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The rise and fall of transactional skew theory in the model genus Polistes

Peter Nonacs
Annales Zoologici Fennici
Vol. 43, No. 5/6, Polistes wasps: the emergence of a model genus (2006), pp. 443-455
Stable URL: http://www.jstor.org/stable/23736753
Page Count: 13
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Since scans are not currently available to screen readers, please contact JSTOR User Support for access. We'll provide a PDF copy for your screen reader.
The rise and fall of transactional skew theory in the model genus Polistes
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Abstract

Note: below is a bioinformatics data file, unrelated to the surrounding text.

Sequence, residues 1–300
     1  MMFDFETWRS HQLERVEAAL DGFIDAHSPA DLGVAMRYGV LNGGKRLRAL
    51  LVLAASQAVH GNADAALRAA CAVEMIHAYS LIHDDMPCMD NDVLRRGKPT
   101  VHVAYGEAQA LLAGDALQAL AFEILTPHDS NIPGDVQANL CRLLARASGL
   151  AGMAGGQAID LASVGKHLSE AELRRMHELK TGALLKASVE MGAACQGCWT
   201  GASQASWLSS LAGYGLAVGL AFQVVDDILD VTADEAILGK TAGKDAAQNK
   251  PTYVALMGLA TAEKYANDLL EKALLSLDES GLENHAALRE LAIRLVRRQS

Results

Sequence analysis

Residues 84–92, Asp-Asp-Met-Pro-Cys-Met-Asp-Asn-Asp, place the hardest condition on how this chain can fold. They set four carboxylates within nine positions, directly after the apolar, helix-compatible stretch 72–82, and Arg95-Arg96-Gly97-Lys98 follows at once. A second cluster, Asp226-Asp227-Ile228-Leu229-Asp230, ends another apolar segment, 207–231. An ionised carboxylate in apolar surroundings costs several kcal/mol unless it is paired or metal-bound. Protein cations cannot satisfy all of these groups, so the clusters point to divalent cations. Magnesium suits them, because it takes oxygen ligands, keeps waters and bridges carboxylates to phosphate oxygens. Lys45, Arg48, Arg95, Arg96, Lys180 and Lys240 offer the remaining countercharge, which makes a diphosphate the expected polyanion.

Transactional Skew (TS) theory predicts that cooperative breeding associations can be adaptive for all group members as long as they properly allocate reproduction within a social contract. Polistes wasps have been the preeminent model genus for testing TS models. Most tests have focused on either the patterns of skew or on patterns of aggression between wasps, which has been assumed to set skew. However, the totality of evidence suggests that aggression (observed as darts, lunges and bites) has no connection to establishing reproductive skew. Although some patterns of reproductive skew support TS theory, most of the reproductive data are either non-supportive or inconclusive relative to the models. Of particular significance are recent findings of high skew associations between distantly or unrelated wasps when TS theory strongly predicts skew should be low. A possible evolutionary explanation for the failure of TS models is derived through a simple model. Although the TS strategy optimizes fitness, its relative advantage over a much simpler conventional rule for group formation is never greater than 3% and often less. Therefore, even small costs in evolving the cognitive mechanisms needed to form social contracts may preclude their appearance. Although TS theory may have failed in Polistes, reproductive skew is now a well-described phenomenon. Finding new viable explanations for reproductive skew and extending the theory to skews in non-reproductive contexts will maintain Polistes in its role as a model taxonomic group in the study of the evolution of social behavior.

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